The majority of hyperactive children I have seen in my clinical practice are bright, blond, blue eyed boys. I am not alone in this observation - see THE NATURAL APPROACH TO ADHD By Dr. Zoltan P. Rona who states that:

It is thought that children are usually affected by ADHD before birth and that, left untreated, continue to suffer from the condition into adulthood. ADHD affects more boys than girls with a ratio of 3:1. A high percentage of hyperactive children have blond hair and blue eyes 

Other doctors and patient groups have different views and of course this is only clinical observation - brunette girls have ADHD as well.

In fact, it may be that girls' diagnoses of ADHD have been missed due to better masking of symptoms in girls - see Psych Central - Masking in ADHD: The “Why” Matters This is an emerging area of study.

See also

The joy of treating these children is that once sorted, they often go on to shine in some field or other. I saw one little boy who excelled at the piano as soon as he was able to sit still for more than 2 minutes!

Treating ADHD

  • It is really important that hyperactivity is treated with the environmental approach.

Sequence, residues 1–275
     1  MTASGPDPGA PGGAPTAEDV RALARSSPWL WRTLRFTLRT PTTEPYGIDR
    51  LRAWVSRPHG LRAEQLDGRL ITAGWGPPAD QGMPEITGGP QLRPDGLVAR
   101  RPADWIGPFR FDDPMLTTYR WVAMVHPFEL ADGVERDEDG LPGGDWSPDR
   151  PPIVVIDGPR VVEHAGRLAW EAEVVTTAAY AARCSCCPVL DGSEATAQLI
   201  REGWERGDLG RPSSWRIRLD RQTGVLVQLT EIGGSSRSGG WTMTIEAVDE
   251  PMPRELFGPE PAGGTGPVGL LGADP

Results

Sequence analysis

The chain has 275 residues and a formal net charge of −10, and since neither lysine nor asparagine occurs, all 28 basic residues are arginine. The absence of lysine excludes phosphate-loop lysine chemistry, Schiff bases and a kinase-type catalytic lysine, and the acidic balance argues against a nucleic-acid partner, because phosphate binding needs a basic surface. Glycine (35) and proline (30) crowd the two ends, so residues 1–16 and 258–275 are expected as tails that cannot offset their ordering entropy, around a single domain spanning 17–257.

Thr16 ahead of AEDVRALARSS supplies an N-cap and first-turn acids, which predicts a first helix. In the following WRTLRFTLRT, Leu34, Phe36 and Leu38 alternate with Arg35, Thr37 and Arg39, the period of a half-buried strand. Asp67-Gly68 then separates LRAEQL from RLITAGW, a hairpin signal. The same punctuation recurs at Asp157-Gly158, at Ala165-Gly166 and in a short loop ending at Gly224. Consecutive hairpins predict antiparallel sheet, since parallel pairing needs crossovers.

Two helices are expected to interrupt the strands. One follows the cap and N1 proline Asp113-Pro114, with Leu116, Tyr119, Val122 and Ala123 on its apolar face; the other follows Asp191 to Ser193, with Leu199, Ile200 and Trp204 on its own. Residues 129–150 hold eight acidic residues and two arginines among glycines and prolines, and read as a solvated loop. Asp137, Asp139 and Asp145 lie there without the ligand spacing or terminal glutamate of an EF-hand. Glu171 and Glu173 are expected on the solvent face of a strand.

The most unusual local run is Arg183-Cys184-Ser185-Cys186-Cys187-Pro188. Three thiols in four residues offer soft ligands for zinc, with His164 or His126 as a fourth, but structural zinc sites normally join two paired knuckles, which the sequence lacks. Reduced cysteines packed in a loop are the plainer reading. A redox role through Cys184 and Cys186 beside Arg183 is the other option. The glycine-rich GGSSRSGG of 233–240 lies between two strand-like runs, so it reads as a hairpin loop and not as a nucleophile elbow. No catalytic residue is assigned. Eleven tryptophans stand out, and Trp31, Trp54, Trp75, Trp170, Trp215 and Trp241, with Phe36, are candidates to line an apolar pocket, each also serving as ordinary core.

• All sufferers (indeed all children in my opinion) should take vitamins and minerals. After the age of 12 they can take the adult regime. Between 6 and 12 take half adult dose, proportionately less for younger children. Hyperactive children are nearly always zinc deficient and so add in zinc citrate 30 mgs at night. See The role of zinc in the treatment of hyperactivity disorder in children which stated that:
Studies point to the possible association of zinc deficiency and ADHD pathophysiology. In ADHD children with zinc deficiency or low plasma zinc concentration, zinc dietary supplementation or during therapy for ADHD may be of great benefit. A study of ADHD treatment with zinc sulfate as a supplement to methylphenidate showed beneficial effects of zinc supplementation in the treatment of children with ADHD.